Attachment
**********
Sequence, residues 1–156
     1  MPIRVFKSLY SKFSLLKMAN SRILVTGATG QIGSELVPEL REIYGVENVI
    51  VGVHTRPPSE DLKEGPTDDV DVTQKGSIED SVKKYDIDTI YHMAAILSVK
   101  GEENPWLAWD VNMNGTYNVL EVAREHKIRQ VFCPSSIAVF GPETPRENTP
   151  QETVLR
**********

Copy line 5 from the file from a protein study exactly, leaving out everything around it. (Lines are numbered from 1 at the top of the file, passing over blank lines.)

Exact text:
   151  QETVLR